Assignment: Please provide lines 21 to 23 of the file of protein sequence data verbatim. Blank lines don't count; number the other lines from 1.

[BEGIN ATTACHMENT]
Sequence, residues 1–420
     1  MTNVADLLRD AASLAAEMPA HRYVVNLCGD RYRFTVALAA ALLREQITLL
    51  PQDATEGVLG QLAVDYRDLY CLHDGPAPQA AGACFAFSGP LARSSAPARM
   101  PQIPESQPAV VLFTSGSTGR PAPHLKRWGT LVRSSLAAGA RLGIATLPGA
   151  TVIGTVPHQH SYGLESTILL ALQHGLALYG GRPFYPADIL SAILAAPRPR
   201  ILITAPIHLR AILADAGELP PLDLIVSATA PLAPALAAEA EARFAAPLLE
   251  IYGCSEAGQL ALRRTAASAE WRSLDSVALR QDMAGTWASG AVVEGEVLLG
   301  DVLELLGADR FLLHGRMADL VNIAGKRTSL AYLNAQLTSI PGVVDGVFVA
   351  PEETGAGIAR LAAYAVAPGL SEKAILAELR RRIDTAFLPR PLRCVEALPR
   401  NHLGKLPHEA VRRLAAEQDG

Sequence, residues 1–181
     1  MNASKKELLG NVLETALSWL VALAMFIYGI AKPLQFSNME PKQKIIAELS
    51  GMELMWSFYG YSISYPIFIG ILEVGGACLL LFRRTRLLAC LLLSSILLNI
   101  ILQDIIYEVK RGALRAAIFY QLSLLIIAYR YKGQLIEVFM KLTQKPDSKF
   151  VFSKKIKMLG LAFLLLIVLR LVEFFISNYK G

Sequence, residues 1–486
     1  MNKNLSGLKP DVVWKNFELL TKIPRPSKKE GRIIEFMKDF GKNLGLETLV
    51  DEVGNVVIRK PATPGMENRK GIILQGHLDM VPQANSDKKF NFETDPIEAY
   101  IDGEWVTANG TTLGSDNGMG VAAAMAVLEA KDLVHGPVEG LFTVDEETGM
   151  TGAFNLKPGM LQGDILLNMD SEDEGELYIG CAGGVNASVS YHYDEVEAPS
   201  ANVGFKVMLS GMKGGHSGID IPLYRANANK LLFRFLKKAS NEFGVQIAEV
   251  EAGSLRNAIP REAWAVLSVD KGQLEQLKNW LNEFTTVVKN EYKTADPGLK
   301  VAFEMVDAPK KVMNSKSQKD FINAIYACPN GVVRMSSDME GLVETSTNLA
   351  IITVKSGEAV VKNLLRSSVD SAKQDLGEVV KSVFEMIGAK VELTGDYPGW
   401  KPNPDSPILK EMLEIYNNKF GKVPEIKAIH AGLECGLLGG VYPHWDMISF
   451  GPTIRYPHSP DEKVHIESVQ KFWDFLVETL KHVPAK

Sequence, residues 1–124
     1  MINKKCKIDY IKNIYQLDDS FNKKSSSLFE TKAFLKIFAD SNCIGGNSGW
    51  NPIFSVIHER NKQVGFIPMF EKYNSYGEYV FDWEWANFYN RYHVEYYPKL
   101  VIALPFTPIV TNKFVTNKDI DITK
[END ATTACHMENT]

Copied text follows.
   201  ANVGFKVMLS GMKGGHSGID IPLYRANANK LLFRFLKKAS NEFGVQIAEV
   251  EAGSLRNAIP REAWAVLSVD KGQLEQLKNW LNEFTTVVKN EYKTADPGLK
   301  VAFEMVDAPK KVMNSKSQKD FINAIYACPN GVVRMSSDME GLVETSTNLA